“You can’t make a blanket statement about these quilts,” says a visitor to the Museum of the American Quilter’s Society (MAQS) in Paducah, Ky. (pop. 26,307). And she said it with a straight face. She was standing in front of a wildly asymmetrical quilt, its sunburst of colors blazing in an intricate design made of countless careful stitches. “Each one is so … so different.”
True enough. Even a quick walk through the museum is evidence that the age-old craft of quilting has undergone a metamorphosis. Once a means of turning worn out and discarded clothes into warm blankets, quilting today is an art intended to comfort the soul as well as the body. Modern quilts may have raw edges, extraneous materials like netting or glitter, and designs that are decidedly offbeat or startlingly realistic. They may be stitched by machine as well as by hand and planned with computers as well as pencils.
“The definition of a quilt is constantly expanding,” says Sarah Henrich, the museum’s former executive director. “The only real requirement is that it must have three layers of material.”
Traditional quilting bees also are changing. Friendships once forged around a table are now frequently extended to the Internet, giving a national—even international—flavor to the once local get-togethers.
While other cities big and small—from San Jose, Calif., to Lowell, Mass.—have quilt museums, Paducah’s MAQS is the largest museum in the world built specifically to house quilts. It features special lighting and humidity control to protect colors from fading and fabrics from disintegrating and has earned Paducah the uncontested title of “Quilt City, USA.”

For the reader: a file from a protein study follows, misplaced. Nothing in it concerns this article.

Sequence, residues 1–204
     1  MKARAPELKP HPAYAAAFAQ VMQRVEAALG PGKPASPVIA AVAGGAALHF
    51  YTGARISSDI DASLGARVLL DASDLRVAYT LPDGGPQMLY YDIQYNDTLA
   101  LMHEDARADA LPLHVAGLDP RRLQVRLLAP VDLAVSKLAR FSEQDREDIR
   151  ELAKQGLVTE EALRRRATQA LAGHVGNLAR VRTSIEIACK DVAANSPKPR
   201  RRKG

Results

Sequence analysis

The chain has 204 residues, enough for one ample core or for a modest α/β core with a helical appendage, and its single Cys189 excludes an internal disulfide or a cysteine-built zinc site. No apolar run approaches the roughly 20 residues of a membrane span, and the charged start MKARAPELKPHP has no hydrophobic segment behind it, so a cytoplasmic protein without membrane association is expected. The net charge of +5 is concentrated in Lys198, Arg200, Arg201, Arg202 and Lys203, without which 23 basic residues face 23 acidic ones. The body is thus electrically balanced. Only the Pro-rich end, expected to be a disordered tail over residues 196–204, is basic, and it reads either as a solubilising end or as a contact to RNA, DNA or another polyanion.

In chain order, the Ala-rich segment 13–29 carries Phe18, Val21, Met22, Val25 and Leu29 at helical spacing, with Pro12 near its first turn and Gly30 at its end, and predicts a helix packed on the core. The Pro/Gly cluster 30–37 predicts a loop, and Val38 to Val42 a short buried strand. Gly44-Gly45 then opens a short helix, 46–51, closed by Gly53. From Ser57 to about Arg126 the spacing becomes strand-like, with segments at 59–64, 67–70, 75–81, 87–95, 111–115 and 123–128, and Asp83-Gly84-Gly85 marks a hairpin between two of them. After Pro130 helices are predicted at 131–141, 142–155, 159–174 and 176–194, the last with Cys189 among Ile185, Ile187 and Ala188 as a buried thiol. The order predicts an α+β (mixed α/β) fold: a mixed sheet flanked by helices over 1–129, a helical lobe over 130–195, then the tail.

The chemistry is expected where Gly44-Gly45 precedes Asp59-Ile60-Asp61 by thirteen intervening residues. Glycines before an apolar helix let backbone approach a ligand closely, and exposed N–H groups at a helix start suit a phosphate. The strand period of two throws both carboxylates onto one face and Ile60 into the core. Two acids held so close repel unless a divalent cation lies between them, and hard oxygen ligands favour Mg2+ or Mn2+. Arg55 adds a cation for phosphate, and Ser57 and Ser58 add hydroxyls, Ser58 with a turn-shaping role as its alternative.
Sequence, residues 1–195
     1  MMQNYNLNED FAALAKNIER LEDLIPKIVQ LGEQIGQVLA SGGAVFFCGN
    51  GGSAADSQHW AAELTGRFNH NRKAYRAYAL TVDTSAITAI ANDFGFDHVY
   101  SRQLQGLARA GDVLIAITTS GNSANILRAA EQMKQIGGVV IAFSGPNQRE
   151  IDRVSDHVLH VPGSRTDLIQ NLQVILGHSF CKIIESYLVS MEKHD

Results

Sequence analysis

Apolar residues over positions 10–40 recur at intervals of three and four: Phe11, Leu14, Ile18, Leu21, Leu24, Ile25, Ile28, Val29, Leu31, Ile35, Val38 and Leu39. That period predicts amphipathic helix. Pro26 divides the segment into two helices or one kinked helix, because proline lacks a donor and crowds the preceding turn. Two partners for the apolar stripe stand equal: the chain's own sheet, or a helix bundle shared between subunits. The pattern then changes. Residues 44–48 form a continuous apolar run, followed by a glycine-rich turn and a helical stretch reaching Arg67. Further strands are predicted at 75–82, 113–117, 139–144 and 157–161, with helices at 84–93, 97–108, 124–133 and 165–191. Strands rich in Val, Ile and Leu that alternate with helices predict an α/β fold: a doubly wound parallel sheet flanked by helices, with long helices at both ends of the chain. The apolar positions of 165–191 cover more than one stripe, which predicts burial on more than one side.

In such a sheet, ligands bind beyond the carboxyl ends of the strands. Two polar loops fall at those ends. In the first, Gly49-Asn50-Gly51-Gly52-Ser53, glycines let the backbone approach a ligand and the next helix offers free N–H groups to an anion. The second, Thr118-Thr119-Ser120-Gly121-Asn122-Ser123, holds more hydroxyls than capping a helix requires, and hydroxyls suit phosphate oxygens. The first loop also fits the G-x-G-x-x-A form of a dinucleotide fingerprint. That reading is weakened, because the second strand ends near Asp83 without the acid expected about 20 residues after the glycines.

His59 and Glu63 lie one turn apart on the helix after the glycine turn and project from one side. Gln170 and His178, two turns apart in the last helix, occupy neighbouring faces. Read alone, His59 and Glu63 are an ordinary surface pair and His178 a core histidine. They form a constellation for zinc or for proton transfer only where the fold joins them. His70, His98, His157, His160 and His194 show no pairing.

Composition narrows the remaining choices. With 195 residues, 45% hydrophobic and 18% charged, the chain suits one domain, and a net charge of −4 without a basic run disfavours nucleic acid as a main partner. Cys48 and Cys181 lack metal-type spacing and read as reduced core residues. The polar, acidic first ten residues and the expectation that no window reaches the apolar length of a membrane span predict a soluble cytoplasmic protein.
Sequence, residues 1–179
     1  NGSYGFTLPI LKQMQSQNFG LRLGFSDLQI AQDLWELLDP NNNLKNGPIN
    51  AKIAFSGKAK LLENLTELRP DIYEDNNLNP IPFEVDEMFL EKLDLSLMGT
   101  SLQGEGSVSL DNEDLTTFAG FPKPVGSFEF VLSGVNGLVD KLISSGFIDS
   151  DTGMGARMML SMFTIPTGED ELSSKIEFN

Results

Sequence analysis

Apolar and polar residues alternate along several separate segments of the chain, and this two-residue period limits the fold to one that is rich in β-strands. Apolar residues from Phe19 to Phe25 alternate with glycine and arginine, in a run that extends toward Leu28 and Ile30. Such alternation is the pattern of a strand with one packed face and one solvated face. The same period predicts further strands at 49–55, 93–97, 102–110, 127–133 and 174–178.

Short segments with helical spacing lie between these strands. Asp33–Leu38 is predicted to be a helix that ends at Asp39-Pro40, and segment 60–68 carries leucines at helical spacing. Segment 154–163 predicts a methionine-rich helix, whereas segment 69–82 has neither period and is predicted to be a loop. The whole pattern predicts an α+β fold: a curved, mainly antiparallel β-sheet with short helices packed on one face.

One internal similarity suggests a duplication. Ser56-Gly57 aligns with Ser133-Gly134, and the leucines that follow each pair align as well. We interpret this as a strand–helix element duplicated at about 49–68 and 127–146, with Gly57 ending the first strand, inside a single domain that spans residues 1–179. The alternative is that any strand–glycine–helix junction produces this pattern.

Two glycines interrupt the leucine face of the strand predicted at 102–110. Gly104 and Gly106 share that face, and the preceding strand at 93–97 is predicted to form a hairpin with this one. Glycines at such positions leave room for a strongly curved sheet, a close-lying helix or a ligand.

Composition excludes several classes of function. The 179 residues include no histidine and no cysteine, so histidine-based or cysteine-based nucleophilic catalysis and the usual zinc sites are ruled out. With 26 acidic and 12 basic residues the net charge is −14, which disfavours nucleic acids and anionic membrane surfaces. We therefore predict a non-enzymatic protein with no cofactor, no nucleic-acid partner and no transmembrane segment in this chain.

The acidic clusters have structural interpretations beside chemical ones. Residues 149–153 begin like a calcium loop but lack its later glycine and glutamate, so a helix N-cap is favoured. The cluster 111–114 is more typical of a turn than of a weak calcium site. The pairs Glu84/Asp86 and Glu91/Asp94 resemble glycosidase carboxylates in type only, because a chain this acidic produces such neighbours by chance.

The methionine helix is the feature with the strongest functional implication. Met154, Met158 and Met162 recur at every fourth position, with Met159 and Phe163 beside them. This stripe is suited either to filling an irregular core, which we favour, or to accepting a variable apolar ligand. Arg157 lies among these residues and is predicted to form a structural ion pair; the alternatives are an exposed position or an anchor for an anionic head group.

Perhaps the museum’s most unusual facet is its focus on contemporary quilting. Although it hosts some exhibits of antique quilts, its main mission is to honor quilts created in the last 25 years.
The museum is the brainchild and gift of Meredith and Bill Schroeder, natives of Paducah and publishers of price guides for collectors. In 1984, they happened upon a small quilt exhibit in a school gymnasium.
“There was a delightful little quilt filled with ducks, and it was just hanging across a rope. It deserved better,” Meredith recalls. The duck-quilt became the start of their private collection.
That year, the Schroeders founded the American Quilter’s Society (AQS), which now has 60,000 members. And in 1987 they began work on their nonprofit museum. The museum became a reality in 1991—13,000 square feet of exhibit space with room for 100 to 150 of the world’s best contemporary quilts. One gallery displays quilts from the museum’s permanent collection; the other two feature traveling exhibits.
The museum and the activities of the quilter’s society have had an enormous impact on Paducah, a town otherwise best known for the decorative murals on the floodwall overlooking the confluence of the Ohio and Tennessee rivers.
Every April, the society hosts a quilt show that draws 35,000 visitors. “The whole community becomes involved,” says Sheree Dawn Roberts, an award-winning quilter and designer of wearable art.
Residents rent out spare rooms to visitors since motels, B&Bs, and campgrounds are sold out for more than 60 miles in all directions. And churches hold fund-raising suppers since restaurants are swamped.
Janie Donaldson relocated from Wisconsin to co-host Quilt Central, a nationally syndicated TV series that airs on PBS stations. “Quilting is popular because it is not only practical but also creative,” she says. “So it fits and satisfies two things we need in our everyday living.”
It also stitches communities together.